The eternal dispute between jurisdictional immunities of the State and the counter-limits doctrine: Germany v. Italy case


On 29 April 2022, Germany has once again filed a lawsuit with the International Court of Justice (ICJ) against Italy because the latter has allegedly failed to respect Germany’s State immunity as it has entertained a considerable number of civil claims, seeking reparation for injuries caused by serious violations of international law committed during the Nazi occupation of Italy in 1943-1945. The issue is not new for the ICJ as it had already arisen ten years ago in the 2012 Germany v. Italy (Greece intervening) case, where the Court held that “the action of the Italian courts in denying Germany the immunity to which the Court has held it was entitled under customary international law constitutes a breach of the obligations owed by the Italian State to Germany”. That being so, in its application of the 29 April, Germany has recalled the 2012 judgment asserting that Italy failed to comply with the decision of the ICJ, thus violating international law. It argued that “at least 25 new cases have been brought against Germany [before Italian courts]” and that “in at least 15 proceedings, Italian domestic courts (…) have entertained and decided upon claims against Germany in relation to conduct of the German Reich during World War II”. Hence, Germany asked the Court to adjudge that Italy has violated its obligations to respect Germany’s sovereign immunity (again) and that it is required not only to make full reparation for the injuries caused but also to assure Germany that such violations will not be repeated.

In order to understand the reasons why Italy has continued to allow compensation claims against Germany, despite the 2012 ruling of the ICJ, it is crucial to analyse the dispute from its origin. In order to do so, we can distinguish three main stages: the first one begins with Germany instituting proceedings against Italy in 2008 and culminates with the 2012 ICJ judgment; the second stage is dominated by judgment No. 238/2014 of the Italian Constitutional Court and the oscillating Italian jurisprudence that followed; finally, the third stage bring us to the pending case before the ICJ.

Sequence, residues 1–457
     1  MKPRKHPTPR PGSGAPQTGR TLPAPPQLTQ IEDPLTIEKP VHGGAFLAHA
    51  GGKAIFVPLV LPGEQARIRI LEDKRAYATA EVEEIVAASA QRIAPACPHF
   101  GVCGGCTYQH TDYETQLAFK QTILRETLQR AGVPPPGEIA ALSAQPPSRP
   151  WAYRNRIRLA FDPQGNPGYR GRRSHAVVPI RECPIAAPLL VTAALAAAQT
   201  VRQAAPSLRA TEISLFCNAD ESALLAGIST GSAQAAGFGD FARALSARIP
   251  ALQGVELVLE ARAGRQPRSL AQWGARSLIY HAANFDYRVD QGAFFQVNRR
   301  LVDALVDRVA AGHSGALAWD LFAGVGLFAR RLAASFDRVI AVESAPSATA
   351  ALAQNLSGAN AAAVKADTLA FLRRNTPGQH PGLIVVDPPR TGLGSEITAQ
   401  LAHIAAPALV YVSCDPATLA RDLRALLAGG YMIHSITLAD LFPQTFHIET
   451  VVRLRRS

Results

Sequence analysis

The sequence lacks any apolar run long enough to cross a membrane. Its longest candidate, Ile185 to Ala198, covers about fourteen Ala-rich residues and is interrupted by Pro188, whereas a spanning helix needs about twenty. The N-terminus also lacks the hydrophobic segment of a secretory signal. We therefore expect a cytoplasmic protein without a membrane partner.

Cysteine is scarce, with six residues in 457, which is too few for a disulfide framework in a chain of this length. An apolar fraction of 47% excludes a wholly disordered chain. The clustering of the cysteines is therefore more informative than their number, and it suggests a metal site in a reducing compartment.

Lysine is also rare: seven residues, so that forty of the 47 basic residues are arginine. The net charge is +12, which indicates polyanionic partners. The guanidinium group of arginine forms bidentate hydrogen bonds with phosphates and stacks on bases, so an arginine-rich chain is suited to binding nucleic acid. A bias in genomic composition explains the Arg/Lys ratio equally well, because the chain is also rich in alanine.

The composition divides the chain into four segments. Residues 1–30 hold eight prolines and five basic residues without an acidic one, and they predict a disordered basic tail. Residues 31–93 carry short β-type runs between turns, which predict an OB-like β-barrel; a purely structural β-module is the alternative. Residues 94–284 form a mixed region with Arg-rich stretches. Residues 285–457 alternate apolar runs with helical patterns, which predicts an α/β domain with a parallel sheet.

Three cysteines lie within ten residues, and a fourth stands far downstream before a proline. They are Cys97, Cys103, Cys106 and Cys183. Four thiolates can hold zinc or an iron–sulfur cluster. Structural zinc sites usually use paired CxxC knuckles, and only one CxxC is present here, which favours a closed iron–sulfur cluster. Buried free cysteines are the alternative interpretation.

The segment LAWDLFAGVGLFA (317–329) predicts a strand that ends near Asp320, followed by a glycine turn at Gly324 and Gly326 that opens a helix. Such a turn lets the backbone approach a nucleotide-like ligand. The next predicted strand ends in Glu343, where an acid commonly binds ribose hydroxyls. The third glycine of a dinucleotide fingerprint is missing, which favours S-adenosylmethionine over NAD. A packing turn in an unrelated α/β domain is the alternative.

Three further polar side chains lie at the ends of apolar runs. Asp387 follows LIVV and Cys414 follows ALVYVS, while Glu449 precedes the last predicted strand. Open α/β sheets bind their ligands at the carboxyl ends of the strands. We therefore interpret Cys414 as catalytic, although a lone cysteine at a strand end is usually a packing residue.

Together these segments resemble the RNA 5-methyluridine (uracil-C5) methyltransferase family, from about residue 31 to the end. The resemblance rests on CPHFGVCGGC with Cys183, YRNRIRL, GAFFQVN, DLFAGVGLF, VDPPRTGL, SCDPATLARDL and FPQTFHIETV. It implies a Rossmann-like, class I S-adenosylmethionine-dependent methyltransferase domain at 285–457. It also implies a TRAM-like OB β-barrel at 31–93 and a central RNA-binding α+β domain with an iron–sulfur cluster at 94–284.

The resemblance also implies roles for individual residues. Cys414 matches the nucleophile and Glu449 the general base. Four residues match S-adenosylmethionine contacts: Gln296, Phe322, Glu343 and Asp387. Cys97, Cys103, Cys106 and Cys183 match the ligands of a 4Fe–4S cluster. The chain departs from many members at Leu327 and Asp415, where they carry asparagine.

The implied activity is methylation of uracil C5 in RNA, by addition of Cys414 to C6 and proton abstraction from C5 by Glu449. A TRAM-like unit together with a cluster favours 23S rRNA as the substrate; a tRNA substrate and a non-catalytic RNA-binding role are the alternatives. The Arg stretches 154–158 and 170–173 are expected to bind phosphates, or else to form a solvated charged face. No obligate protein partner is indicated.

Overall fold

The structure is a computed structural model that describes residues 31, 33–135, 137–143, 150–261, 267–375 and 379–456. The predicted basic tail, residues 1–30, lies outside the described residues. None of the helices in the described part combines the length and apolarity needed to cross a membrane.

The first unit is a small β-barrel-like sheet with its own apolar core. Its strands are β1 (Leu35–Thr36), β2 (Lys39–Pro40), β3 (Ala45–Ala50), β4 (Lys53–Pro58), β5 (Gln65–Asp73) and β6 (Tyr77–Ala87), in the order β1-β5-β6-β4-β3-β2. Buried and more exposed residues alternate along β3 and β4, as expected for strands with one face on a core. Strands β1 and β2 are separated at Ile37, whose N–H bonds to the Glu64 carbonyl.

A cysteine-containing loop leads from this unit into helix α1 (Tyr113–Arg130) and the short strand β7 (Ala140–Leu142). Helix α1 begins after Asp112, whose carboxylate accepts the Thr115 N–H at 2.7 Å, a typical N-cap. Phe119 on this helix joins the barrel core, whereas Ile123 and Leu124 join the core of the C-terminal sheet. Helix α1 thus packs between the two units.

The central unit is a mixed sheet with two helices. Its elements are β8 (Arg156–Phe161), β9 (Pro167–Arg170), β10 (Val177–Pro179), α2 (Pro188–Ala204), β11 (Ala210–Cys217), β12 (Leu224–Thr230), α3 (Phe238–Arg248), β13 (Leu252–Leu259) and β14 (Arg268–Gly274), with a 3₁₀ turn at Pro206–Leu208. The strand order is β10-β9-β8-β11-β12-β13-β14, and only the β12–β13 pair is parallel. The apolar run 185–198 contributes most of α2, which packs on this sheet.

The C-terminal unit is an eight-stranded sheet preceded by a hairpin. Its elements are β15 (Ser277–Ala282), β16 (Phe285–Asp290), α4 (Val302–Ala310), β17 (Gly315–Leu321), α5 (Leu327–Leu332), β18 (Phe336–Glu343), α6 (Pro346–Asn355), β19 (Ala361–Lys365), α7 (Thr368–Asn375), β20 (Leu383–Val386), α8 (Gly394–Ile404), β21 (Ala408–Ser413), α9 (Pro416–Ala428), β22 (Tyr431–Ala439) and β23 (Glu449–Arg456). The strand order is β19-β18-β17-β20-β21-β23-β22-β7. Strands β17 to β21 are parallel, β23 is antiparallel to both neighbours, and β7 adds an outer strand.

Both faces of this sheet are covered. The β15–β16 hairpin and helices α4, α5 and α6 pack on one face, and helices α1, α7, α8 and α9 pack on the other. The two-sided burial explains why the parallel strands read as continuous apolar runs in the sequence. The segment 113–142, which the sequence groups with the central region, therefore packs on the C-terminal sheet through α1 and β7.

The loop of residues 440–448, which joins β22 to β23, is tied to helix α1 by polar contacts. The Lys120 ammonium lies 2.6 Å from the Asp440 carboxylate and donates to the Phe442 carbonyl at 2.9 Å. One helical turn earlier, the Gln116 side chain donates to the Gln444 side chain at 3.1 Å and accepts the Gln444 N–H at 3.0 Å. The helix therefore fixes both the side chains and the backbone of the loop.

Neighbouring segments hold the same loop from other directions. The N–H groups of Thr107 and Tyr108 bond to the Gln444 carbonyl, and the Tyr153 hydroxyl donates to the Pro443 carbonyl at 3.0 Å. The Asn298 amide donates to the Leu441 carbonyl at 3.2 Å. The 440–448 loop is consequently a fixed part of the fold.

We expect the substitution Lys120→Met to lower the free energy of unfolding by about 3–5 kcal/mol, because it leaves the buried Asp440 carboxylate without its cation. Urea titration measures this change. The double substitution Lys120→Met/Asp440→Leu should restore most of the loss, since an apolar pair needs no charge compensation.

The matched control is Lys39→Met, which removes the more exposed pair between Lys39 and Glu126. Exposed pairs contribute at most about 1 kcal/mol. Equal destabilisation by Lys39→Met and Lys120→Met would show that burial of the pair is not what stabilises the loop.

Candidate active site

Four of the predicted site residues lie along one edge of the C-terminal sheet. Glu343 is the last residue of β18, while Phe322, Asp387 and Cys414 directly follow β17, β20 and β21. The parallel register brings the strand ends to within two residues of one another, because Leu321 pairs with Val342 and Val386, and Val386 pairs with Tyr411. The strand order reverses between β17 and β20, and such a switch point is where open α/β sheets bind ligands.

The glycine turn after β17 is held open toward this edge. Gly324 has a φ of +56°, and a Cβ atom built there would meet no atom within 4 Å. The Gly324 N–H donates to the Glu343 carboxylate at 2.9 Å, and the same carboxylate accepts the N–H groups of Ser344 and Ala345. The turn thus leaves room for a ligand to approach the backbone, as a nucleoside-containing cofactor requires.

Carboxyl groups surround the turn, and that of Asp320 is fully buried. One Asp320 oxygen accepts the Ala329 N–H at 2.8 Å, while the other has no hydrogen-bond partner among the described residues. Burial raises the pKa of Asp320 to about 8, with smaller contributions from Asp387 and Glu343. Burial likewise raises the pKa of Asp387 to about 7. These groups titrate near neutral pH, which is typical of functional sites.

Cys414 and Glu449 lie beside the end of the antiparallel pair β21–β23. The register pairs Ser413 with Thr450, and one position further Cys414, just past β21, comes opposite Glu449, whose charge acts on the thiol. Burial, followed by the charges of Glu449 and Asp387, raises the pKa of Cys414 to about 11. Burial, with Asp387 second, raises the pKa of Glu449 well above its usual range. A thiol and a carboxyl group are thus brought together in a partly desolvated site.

THE FIRST STAGE (2008-2013)

On 22 December 2008, Germany instituted proceedings before the ICJ asking the Court to declare that Italy violated the principle of sovereign immunity which prevents private parties from bringing suits against another State before the courts of the forum State. The starting point was represented by the judgment of the Court of Cassation of 11 March 2004 (Ferrini case) where it declared that it held jurisdiction with regards to the civil claim brought by a person who had been deported to Germany during the WWII and forced to hard labour. The Court of Cassation stated that State immunity should be lifted when it comes to violations of fundamental human rights as they are protected by ius cogens norms, thus lying at the top of the hierarchy of norms in the international legal order.  In 2008, Germany claimed before the ICJ that, after this judgment had been rendered, numerous other proceedings were instituted against Germany before Italian courts, claiming compensation for the war crimes. Among the requests to the Court, it was asked to adjudge that Italy had breached Germany’s jurisdictional immunity by taking measures of constraint against Villa Vigoni, located in Italy and owned by the German State.